A few days after Malvinder Singh announced that he was selling his family’s stake in Ranbaxy Laboratories to Daiichi Sankyo, Dr Anji Reddy, founder and Chairman of the eponymous drug company in Hyderabad, wrote a longish piece on the edit page of a business daily saying why his own family would never consider selling its stake in Dr Reddy’s Labs. “A deal of this kind is unthinkable for my company… my family is fully aware that my excitement is only in drug discovery. We will build our company based on generic opportunities in the short run.”Famous last words? Perhaps not, but there’s no denying that Dr Reddy’s is an attractive target for foreign multinational drug companies, despite a negative in terms of its exposure in Germany. Consider: It has consolidated revenues of Rs 5,000 crore, with Rs 800 crore coming from India alone; that makes it India’s #2 drug major in terms of revenues (after Ranbaxy). Like Ranbaxy, it is vertically integrated, and does everything from basic research to manufacture generics; it has manufacturing facilities in five countries, and has a marketing presence in over 40 countries. Yet, Dr Reddy’s market value is a modest Rs 11,592 crore and, worse, the promoter family’s ownership in it is a vulnerable 26 per cent. All that someone would need to buy them out at a 30 per cent premium is around Rs 4,000 crore; far less than the Rs 9,600 crore paid by Daiichi to the Singhs of Ranbaxy. Says Jayesh Desai, National Director-Transaction Advisory Services, Ernst & Young: “The fundamental lesson from the Ranbaxy deal is this: do not assume that Indian promoters do not like to part with ownership. They could, provided the price is right.”
Big Pharma needs a wonder drug to battle its blues. Awaiting one, it is building presence in generics. Novartis was the first innovator company to spin off (in 2003) its generics business into Sandoz and to grow it consistently ever since. Here’s the interesting thing, though: As Big Pharma brings its crushing heft—everywhere from the marketplace to court rooms—to the battle, the smaller rivals are realising that the going ahead will only get more bruising. “Consolidation is taking place globally and this (Ranbaxy-Daiichi-like deal) is no more a choice but a compulsion,” says Prasad.That leads to the question, after Ranbaxy who? Promoters are swearing that they are not selling out yet. “It’s not on the cards,” says G. V. Prasad, Vice Chairman and CEO of Dr Reddy’s, “the two cases (Ranbaxy and Dr Reddy’s) cannot be compared”, but the pressure to take the bait is intense. Indian drug makers that are vertically integrated—that is, they manufacture everything from bulk drugs to finished dosages with R&D thrown in between—are attractive targets. Yusuf Hamied, Chairman of Cipla, warns against such deals. “This deal, right or wrong, should be a wake-up call for the government on various matters concering the Indian pharma industry,” Hamied told BT from Spain. His point: the death of Indian generics players will mean the end of cheap drugs. “India must review its law in relation to intellectual property and there must be a pragmatic compulsory licence system for medicines so that they remain affordable,” says Hamied, promising that his family won’t sell out “at least in his lifetime”.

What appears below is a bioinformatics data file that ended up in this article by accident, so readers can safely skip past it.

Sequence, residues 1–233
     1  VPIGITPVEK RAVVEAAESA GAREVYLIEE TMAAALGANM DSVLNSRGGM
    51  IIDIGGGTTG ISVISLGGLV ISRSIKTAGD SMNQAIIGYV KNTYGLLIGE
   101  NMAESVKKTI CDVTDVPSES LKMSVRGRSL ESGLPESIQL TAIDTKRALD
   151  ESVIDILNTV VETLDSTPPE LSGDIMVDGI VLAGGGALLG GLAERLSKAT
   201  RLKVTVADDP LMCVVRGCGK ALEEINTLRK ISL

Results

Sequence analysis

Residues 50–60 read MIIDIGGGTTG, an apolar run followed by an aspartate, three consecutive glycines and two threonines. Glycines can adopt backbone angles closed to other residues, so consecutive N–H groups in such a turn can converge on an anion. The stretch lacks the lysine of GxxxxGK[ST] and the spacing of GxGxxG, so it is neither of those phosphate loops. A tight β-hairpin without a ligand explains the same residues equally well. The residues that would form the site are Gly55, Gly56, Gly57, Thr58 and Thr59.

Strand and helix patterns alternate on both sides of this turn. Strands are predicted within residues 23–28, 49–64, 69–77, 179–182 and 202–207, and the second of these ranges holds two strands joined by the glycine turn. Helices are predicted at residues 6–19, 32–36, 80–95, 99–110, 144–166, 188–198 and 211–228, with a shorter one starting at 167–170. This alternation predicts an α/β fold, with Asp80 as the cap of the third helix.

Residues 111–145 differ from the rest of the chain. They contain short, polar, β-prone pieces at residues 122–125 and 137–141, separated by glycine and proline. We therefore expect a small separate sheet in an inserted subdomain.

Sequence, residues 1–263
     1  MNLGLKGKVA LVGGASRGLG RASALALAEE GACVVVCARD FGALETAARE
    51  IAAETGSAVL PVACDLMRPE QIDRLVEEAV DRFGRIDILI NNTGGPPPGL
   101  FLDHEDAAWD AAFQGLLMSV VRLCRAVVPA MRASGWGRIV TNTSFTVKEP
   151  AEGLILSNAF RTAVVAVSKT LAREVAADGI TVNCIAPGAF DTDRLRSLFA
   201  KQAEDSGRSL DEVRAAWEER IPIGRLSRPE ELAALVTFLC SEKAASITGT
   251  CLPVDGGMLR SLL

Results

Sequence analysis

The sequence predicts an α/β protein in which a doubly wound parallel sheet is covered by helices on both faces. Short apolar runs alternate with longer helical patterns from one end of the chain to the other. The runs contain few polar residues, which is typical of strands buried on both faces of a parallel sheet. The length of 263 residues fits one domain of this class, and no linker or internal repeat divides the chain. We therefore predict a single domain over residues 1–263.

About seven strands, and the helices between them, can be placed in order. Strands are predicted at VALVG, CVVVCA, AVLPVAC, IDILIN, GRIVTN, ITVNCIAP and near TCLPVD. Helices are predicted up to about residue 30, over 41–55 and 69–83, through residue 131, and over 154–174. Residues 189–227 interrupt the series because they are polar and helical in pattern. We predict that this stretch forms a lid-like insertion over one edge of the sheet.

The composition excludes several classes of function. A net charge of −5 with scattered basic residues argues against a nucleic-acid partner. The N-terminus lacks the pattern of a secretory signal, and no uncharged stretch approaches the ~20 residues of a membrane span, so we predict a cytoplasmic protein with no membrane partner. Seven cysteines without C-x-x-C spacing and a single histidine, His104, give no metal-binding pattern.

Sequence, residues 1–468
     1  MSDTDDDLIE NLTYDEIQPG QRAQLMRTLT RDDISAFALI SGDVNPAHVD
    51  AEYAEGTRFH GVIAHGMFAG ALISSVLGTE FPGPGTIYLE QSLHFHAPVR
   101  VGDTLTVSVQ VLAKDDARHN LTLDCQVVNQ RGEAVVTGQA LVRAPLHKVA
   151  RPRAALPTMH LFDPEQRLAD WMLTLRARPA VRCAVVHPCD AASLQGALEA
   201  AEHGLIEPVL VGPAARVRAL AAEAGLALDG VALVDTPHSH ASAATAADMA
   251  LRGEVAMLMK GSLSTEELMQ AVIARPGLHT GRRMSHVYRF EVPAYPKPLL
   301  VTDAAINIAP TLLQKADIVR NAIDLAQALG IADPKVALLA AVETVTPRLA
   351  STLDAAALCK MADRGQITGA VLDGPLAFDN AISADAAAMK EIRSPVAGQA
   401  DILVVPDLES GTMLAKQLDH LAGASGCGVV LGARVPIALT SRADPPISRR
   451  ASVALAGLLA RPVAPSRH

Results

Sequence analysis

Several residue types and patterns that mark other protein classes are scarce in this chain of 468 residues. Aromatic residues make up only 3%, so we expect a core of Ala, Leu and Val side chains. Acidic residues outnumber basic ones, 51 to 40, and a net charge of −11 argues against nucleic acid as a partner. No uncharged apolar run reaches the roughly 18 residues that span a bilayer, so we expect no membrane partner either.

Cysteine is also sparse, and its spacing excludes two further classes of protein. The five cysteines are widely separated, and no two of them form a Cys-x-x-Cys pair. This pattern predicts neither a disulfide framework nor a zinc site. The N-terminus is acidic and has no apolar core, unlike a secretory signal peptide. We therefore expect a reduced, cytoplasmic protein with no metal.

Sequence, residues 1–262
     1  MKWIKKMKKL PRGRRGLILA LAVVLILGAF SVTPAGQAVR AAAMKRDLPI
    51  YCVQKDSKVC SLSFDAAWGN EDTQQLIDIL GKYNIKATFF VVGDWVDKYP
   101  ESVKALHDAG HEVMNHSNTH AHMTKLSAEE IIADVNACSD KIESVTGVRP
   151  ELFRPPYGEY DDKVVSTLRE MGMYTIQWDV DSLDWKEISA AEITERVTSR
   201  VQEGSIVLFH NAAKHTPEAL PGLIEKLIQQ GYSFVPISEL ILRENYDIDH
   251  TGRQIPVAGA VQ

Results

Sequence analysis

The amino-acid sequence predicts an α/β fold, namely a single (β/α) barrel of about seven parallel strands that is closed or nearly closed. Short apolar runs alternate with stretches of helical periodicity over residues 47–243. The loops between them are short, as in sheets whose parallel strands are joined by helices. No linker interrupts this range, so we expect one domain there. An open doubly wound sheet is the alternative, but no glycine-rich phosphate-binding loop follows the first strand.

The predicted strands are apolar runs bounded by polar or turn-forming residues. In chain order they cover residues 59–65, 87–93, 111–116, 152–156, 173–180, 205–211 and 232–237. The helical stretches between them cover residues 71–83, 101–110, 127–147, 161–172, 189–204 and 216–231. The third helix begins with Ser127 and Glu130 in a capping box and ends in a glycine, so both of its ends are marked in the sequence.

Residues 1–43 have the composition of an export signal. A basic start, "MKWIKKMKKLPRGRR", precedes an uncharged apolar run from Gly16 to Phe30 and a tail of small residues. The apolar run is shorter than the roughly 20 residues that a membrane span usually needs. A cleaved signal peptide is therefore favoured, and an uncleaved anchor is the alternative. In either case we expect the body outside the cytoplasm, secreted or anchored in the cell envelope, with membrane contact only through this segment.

Evidently, Indian promoters are emotionally attached to their companies and their causes. But Malvinder Singh has proved that there’s a point at which logic overtakes emotion. Ranbaxy has reached that point. Other Indian drug makers may too in the years ahead.